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Last Updated: Monday, 13 June, 2005, 14:28 GMT 15:28 UK
Children studied for criminality
Children playing
Children with difficulties would be identified
The government has defended plans to monitor children as young as three for potential criminal behaviour.

Children's minister Beverley Hughes said it was important to identify problems as early as possible.

However, she added: "There is a balance to be struck between intervening early and labelling children prematurely."

It is expected that professionals could look for signs such as difficulties respecting boundaries or responding to adults, and offer appropriate help.

'Very sensitive'

"I don't think you can tell whether a three-year-old is likely to become a criminal," she told BBC Radio 4's Today programme.

"What you can begin to identify is children who are having difficulties at an early age and on the basis of that concern, make sure that parents and the child have the assistance to avoid those problems becoming any deeper."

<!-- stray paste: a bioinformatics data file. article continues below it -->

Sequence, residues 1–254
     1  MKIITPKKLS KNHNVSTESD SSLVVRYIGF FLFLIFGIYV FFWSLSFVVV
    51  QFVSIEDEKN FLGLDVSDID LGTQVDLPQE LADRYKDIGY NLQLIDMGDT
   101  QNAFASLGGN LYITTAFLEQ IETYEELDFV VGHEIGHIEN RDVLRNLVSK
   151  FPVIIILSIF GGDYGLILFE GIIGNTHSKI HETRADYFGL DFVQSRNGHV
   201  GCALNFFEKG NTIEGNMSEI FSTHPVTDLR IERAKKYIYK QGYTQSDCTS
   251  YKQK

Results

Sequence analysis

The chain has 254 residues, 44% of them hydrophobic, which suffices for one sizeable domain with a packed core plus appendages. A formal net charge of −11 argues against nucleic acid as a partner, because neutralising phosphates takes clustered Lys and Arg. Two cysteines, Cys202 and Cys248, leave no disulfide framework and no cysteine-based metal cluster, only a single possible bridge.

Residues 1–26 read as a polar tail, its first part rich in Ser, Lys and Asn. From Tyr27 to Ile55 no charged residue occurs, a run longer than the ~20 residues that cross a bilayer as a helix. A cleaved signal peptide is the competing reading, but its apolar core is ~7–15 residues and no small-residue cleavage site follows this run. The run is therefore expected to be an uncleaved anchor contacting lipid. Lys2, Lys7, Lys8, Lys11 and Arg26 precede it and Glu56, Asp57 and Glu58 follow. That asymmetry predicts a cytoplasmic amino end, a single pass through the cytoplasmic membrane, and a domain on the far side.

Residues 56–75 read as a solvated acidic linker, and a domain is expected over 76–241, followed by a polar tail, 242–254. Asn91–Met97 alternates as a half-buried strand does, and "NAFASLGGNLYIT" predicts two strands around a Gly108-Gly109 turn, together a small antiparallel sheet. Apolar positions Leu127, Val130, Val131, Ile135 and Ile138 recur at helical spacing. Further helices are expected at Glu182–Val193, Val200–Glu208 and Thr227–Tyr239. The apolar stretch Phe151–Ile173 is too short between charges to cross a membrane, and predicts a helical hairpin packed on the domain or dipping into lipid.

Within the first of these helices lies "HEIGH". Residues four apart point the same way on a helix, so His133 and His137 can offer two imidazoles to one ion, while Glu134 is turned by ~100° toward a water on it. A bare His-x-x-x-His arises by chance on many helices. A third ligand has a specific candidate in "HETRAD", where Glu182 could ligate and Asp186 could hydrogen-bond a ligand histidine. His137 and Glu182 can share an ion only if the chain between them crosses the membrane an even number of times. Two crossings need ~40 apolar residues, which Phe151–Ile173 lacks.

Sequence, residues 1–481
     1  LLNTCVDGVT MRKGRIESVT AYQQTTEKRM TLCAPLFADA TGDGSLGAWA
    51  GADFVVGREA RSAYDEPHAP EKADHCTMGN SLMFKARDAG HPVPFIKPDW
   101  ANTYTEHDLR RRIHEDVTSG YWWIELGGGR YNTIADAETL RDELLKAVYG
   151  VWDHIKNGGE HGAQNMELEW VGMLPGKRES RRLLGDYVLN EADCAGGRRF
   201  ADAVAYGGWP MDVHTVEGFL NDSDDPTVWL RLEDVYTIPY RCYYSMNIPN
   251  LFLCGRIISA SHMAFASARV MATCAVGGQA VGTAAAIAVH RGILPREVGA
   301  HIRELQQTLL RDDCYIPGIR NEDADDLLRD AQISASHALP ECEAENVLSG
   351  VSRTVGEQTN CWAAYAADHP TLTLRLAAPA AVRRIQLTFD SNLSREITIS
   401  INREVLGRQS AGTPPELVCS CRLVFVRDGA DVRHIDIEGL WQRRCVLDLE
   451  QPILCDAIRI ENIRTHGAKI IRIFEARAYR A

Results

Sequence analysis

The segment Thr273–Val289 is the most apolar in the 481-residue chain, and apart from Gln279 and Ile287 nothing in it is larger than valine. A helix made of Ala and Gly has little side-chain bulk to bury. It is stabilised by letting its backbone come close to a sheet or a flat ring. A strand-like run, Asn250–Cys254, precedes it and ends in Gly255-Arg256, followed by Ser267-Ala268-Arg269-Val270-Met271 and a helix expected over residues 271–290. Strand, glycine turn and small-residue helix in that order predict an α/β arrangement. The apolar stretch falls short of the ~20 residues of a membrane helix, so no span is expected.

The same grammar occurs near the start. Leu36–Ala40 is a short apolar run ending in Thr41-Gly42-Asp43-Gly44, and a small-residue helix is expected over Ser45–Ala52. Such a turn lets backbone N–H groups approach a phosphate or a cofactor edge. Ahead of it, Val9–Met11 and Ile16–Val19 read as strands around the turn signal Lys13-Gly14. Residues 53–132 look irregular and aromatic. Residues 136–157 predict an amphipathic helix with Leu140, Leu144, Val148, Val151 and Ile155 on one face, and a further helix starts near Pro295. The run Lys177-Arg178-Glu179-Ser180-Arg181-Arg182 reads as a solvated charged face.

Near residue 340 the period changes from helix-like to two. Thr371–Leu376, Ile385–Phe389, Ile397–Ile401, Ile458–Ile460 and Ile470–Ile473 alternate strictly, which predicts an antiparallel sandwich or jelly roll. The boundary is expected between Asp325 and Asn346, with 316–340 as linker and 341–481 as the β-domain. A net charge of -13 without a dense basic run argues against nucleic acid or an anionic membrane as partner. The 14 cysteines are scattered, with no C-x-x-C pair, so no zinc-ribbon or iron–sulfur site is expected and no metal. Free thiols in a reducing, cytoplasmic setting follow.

The Home Office leaked document said children who were not "under control" by the age of three were four times more likely to be convicted of a violent offence.

It suggested parenting classes and, in the worst cases, putting children who were not "under control" into intensive foster care instead of care homes, the Sunday Times reported.

Mrs Hughes said the monitoring would be done "very sensitively".

"But I think the professionals working with children understand that very, very well," she added.

'Big Brother'

The Professional Association of Teachers, which incorporates the Professional Association of Nursery Nurses, said teachers already identify and help children with learning and social problems, but they were professional childcarers, not criminal psychologists.

General secretary Jean Gemmell said: "We would be alarmed if nursery staff were to be asked to take on some sort of Big Brother-style role on behalf of an all-controlling state.

"Trying to identify potential criminals before they've even started school seems impractical.

"We would not want to see children labelled as troublemakers before they've done anything wrong," she added.

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